• Without significant financial support from government, the consequences of this could be devastating. The financial model for concerts and gigs is the same as for the theatre and is based on near-capacity audiences. Social distancing just does not work for venues financially. Another potential consequence, which we want to avoid, is concert halls raising prices, which would mean that only the wealthiest individuals could see symphonic or opera works in person. Without financial backing from government, there is also a risk that musicians’ fees or salaries could be significantly cut to account for reduced audiences and as noted previously this is not a well-paid profession.
Health and safety
• Without a vaccine, there are also significant health and safety risks for musicians and audience members. Musicians typically operate in close proximity to each other before and after rehearsals, and during performances. Singing, brass and woodwind instruments present additional risks because of the contact with the mouth and the expelling of breath. In Amsterdam 102 members of one choir fell ill, and cases have been reported in Europe, America and the UK.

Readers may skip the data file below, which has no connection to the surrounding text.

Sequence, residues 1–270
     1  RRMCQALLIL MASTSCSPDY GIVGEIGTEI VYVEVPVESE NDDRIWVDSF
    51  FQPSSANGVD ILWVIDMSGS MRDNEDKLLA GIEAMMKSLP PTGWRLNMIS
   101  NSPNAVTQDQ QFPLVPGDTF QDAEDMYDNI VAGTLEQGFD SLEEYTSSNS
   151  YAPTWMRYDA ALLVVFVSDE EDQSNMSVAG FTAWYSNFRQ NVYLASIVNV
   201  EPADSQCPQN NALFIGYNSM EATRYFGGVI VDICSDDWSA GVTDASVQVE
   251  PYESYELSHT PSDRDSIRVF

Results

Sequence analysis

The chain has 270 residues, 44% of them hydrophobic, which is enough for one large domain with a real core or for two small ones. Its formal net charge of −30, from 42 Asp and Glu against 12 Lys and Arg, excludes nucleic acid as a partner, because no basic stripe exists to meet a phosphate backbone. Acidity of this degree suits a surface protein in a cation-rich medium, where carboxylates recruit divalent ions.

Future of touring
• Working internationally – whether that involves performing, recording, teaching, collaborating or other activities – is an essential part of the profession’s ability to earn. There is not enough work available in the UK for musicians to sustain their livelihoods so they must travel abroad. Because of Brexit and the end to freedom of movement, this has become more difficult and uncertain for musicians.
• However, touring is now in jeopardy due to restrictions on visiting artists (and all travellers). For example, people arriving in France from the UK will have to self-isolate for 14 days from 8 June, which the French government announced as a reciprocal measures to the UK government recent quarantine policy. Australia and China have also imposed 14 day quarantine. Promoters in some countries, for example, Australia are now discussing inviting only locally based soloists and conductors for as far as the whole of next season.
• There is also a great level of uncertainty around when audiences might feel confident returning to live events and venues after lockdown. Indigo carried out a survey of 86,000 audience views on returning to arts events, booking tickets now and in future, and missing out on live events during lockdown. They found that only 19 per cent of the public would return to attending events just because venues reopen and 41 per cent would not consider booking for events for at least 4 months.